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“Salt makes people thirsty. People are thirsting for more of His word. Sisters and brothers pour salt on each other. You are the salt, the salt of the earth.” These lyrics from an old song from my Christian youth group days really tells the story of a central purpose of the faith in our everyday lives. We really are to be “salt” and “light” to our world.

Since the most ancient of times salt has been important to the cultures who had it. In fact, there was a time when salt was even used as currency. Where do you think the old saying came from “He’s worth his salt.”

Salt has been used to preserve, season, and cure illness. Even in our Orthodox cultures salt has been used to express hospitality and welcome. Several Orthodox traditions have salt as a gift when the bishop arrives at a parish. The bishop is met at the door of the church with bread and salt to mark the joyous occasion of his visit. I never will forget the first time I saw this done. It was a powerful moment that made the scriptures I had read my whole life come alive right before my eyes!

Just look at the Gospel Lesson the Church has us read on this day where the Feast of the Nativity is almost upon us: The Lord said, “Whoever causes one of these little ones who believe in me to sin, it would be better for him if a great millstone were hung round his neck and he were thrown into the sea. And if your hand causes you to sin, cut it off; it is better for you to enter life maimed than with two hands to go to Gehenna, to the unquenchable fire. And if your foot causes you to sin, cut it off; it is better for you to enter life lame than with two feet to be thrown into hell. And if your eye causes you to sin, pluck it out; it is better for you to enter the kingdom of God with one eye than with two eyes to be thrown into Gehenna, where their worm does not die, and the fire is not quenched. For every one will be salted with fire. Salt is good; but if the salt has lost its saltness, how will you season it? Have salt in yourselves, and be at peace with one another.” And he left there and went to the region of Judea and beyond the Jordan, and crowds gathered to him again; and again, as his custom was, he taught them. See Mark 9:42-50; 10:1

“Everyone will be salted with fire.”(Mark 9:49) Whoa, wait a second. What? Everyone? Yes, everyone. What is powerful from this passage is that we are confronted with the reality of our true purpose. We are meant to be transformed by the Message of the Gospel to the point that we are empowered to choose truth over convenience, peace over chaos, and authentic love over the easier and lesser vision of mere rule-keeping. We are called to take sin so seriously that we embrace the fire of God’s love now and allow His “fire” to purify us so that it won’t be our torment in eternity because of our willful rejection of His love!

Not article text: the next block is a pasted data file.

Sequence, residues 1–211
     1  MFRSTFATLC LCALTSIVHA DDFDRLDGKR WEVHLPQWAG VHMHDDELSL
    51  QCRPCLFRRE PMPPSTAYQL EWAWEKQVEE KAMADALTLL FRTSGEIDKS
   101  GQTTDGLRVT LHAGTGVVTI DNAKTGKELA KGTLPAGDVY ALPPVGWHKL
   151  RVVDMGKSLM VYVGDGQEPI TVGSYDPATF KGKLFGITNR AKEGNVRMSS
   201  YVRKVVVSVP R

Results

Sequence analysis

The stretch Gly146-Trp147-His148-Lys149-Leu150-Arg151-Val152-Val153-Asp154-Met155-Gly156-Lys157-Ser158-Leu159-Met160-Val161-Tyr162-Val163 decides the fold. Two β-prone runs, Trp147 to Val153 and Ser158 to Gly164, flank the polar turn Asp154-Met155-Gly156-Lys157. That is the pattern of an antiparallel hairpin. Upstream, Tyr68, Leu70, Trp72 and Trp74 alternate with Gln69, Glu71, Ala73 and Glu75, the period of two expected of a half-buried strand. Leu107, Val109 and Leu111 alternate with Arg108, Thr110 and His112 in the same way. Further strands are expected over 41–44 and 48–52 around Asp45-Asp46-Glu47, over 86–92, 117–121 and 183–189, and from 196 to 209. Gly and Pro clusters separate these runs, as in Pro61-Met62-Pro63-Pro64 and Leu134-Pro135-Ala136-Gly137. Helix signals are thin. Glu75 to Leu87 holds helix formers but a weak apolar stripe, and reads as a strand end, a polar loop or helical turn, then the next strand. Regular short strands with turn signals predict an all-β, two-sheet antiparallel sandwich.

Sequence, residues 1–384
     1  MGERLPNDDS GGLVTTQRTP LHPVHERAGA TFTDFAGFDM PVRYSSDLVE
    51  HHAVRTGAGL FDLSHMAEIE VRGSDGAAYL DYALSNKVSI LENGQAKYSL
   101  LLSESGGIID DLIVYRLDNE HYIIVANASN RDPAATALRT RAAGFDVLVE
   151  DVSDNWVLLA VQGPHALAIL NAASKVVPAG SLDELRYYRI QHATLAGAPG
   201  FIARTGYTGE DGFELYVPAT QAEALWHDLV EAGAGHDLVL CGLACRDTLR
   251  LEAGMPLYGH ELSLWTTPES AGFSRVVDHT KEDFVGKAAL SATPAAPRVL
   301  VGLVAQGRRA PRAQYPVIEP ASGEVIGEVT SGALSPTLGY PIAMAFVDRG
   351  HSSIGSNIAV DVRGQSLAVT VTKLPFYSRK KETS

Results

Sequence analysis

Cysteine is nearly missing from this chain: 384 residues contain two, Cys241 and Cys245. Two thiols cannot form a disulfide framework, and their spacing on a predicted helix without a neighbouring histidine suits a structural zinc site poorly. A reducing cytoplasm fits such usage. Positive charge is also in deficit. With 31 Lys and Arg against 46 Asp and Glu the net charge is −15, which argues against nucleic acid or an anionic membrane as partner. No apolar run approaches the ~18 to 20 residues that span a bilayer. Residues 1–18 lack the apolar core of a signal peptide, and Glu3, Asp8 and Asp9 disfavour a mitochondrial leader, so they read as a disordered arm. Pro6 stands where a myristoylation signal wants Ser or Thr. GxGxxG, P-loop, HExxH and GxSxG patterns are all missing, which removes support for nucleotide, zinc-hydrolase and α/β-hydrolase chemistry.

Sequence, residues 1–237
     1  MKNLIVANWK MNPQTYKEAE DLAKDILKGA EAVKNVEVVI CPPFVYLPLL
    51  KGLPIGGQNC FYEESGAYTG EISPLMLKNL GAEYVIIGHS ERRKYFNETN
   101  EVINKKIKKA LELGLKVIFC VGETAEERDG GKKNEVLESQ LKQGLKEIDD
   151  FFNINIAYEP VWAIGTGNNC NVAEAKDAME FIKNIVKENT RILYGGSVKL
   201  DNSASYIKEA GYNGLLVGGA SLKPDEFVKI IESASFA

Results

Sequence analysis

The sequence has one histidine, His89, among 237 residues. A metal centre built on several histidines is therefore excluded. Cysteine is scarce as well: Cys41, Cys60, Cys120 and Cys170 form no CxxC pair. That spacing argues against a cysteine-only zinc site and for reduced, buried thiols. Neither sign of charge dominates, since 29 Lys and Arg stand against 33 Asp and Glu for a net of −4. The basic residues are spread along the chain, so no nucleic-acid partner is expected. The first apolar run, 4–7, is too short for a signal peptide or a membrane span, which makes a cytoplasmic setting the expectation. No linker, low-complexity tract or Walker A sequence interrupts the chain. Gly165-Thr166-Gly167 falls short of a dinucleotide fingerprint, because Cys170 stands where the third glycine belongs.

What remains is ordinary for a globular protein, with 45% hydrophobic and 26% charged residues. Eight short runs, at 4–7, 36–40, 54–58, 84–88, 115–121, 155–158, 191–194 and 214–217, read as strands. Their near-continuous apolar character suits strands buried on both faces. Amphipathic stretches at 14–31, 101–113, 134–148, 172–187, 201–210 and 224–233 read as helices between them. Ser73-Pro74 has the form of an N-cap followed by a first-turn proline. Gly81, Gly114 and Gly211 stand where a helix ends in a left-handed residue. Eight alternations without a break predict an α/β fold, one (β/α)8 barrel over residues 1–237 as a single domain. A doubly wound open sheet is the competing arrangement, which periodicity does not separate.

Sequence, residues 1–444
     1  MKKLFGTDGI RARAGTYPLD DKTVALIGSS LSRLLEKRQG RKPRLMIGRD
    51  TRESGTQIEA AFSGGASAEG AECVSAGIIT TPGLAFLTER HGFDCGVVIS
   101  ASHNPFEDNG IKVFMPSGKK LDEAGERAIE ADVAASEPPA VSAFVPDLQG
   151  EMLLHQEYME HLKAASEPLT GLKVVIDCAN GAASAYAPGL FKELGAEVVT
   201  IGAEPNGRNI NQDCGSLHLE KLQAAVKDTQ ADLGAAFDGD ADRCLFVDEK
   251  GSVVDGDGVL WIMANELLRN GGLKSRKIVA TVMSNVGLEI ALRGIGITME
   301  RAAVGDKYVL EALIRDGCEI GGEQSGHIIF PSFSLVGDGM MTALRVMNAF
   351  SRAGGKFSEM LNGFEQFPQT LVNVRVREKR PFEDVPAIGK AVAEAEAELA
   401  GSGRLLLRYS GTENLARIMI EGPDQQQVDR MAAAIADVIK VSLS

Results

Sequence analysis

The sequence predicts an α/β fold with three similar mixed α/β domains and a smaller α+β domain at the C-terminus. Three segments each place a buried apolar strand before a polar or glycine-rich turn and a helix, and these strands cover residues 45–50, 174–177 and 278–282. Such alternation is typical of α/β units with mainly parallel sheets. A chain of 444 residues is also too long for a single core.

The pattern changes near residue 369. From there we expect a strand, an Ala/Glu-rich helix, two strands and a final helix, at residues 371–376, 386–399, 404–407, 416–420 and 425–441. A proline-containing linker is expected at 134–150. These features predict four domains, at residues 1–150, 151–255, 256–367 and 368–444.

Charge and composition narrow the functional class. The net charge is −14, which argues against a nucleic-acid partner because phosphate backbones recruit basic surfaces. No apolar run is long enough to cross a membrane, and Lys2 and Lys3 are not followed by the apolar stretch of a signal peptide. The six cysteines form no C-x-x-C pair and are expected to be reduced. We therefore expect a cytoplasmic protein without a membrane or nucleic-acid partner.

You see, for the Orthodox sin is seen as a disease and repentance is the cure. It makes more sense of the passage when you look at sin as disease rather than mere rule keeping or breaking when you read that Jesus prescribes amputation to deal with the “sin” in body parts. Better to go into heaven as an amputee than to slip into eternity whole but sick! The “fire” of God’s love can make you “salty” now and able to preserve and season and make life as it should be. As the Lord, promises, everyone WILL be “salted” with “fire.” But God has made us free to choose whether we are willing to be “salted” with “fire” now, in this life to purify our hearts and heal our sin sickness, or whether we will foolishly put off this “salting” until the last day where this “fire” will torment us rather than make us whole!

So, the metaphors of “salt” and “fire” aptly describe the purpose of the life of loving discipleship to our Lord Jesus for us now, today!

Today, as we get closer and closer to the Manger where God enters His world to perform the ultimate spiritual healing on the universe, let us treat our sin as the dangerous disease it is and not continue to make excuses or ignore the growing infection of illness that will eventually prove fatal for our spiritual selves. Let’s allow the “salt” of the truth to be rubbed into the wound of our repentance and watch as the grace of God makes us salty! And when that happens those around us will get “thirsty” for our wellness and they will “taste” and “see” how good the Lord is. As we approach the “fire” kindled on the earth in the Manger, let’s allow this “fire” to “salt” us and make our lives a source of healing to the world!

P.S. We will be doing some important maintenance to our website between Christmas and New Year’s. That means our daily devotionals will be a bit sporadic during this time, but we will be back full strength and better than ever on January 1, 2015. We are excited about next year and what this will mean for our Faith Encouraged Ministries and we ask your prayers for God’s guidance and His wisdom as we work to make our beautiful Orthodox faith more accessible to spiritually hungry people. Please email us at

1 Comment

  • Billijo
    Posted December 24, 2014 at 9:46 am

    God bless you Father Barnabas and all your staff. I am just beginning my journey into Orthodoxy, your website has been very instrumental in guiding me along the way. Please pray for me.

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